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More jobs lost than expected in September, survey says

Private nonfarm payroll employment fell by 39,000 jobs last month, according to an ADP National Employment Report. A consensus forecast of mainstream economists had called for a gain of about 20,000 jobs.

October 07, 2010|By Kevin G. Hall

Reporting From Washington — U.S. employers shed more jobs in September than had been expected, according to a closely watched survey that cast a shadow over the government's official September jobs report due Friday.

Private nonfarm payroll employment fell by 39,000 jobs last month, according to the ADP National Employment Report released Wednesday. That was somewhat surprising, because the consensus forecast of mainstream economists had called for a gain of about 20,000 jobs.

"I think this is a disappointing result," said Joel Prakken, chairman of Macroeconomic Advisers, which crunches payroll data to issue the monthly report. "Economic growth slowed pretty much in the middle of the year … and we think the fourth quarter is going to be a quarter of slow economic growth."

The ADP report doesn't measure public-sector jobs. The federal Bureau of Labor Statistics does, and its report Friday for September will be the last one before congressional elections Nov. 2. It's now expected to be quite soft.

That's because state and local governments face enormous budget pressures and are laying off workers. In addition, temporary hires for the 2010 census are still leaving the government payroll.

Construction jobs dropped by 28,000 in September, the ADP report said. Since its January 2007 peak, the construction sector has shrunk by 2,297,000 jobs.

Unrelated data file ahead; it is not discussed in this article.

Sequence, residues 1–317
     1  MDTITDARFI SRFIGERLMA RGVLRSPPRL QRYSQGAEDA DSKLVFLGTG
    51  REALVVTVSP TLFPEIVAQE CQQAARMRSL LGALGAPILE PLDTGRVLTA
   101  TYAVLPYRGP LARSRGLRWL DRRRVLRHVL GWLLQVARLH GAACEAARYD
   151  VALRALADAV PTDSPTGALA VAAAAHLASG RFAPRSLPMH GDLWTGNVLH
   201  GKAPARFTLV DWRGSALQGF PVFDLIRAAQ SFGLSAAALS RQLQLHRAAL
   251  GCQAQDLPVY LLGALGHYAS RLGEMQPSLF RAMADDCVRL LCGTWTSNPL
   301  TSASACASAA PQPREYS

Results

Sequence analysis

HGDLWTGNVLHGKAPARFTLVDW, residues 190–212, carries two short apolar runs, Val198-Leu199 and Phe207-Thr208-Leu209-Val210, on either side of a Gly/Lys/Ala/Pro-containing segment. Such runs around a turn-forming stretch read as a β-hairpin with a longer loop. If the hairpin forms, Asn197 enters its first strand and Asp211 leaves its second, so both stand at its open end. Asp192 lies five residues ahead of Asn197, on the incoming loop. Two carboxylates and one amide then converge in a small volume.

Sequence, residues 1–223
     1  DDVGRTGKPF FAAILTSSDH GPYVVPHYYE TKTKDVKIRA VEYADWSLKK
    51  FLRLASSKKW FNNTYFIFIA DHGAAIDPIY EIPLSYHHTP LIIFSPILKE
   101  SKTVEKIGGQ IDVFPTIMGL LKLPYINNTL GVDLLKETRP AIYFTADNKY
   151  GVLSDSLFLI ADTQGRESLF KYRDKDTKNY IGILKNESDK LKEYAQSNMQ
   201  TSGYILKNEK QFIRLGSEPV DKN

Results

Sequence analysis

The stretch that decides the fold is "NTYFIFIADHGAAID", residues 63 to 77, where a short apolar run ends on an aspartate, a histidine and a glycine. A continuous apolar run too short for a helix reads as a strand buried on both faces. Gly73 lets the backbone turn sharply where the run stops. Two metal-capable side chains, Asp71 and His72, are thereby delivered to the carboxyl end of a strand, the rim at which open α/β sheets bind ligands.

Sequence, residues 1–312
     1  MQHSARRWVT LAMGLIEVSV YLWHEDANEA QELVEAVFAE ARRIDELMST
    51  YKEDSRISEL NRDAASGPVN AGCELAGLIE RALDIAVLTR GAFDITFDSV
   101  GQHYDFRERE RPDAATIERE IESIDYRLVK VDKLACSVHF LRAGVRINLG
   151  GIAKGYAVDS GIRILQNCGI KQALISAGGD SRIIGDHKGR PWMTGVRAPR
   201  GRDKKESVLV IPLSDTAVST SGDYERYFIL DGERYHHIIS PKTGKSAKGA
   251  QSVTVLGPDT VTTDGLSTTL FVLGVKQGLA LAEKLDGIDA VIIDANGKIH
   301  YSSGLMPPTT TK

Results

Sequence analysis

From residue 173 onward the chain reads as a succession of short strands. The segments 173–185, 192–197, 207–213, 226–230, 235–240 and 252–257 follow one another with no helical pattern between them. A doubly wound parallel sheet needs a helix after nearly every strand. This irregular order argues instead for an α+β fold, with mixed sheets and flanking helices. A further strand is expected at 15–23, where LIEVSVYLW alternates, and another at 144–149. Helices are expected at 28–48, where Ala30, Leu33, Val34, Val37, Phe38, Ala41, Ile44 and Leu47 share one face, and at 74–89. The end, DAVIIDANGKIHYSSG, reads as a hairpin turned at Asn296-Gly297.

Other losing sectors in September included manufacturing, down 17,000 jobs, and financial services, down 13,000.

The ADP report would have been even weaker if not for a slight uptick of 6,000 jobs in the services sector.

"There's also weakness when you slice the data by size of payroll: 14,000 jobs lost in small-business payrolls, 14,000 in medium-sized payrolls and another 11,000 in large. So whether it's by sector or by size, the numbers are weak," Prakken said.

There's little hope for serious hiring gains the rest of this year.

"We are expecting quite modest growth in employment through the end of the year and into next year," Prakken said. "It won't surprise me at all if the unemployment rate ticks up from its most recently reported 9.6% to something like 9.8 or 9.9 by the end of the year."

The International Monetary Fund seconded that glum view, issuing its revised global forecast Wednesday. It cut its U.S. growth forecast for 2010 to 2.6%, down from 3.3% in its July forecast, and said the rate was likely to slow further in 2011, to a 2.3% annual rate.

In another widely tracked report issued Wednesday, job placement firm Challenger, Gray & Christmas Inc. said that September layoffs rose 7%. Its monthly layoff survey reports that employers announced plans to cut 37,151 jobs during the month, more than in August, but the second-lowest total of the year.

Hall writes for MarketWatch.com/McClatchy.

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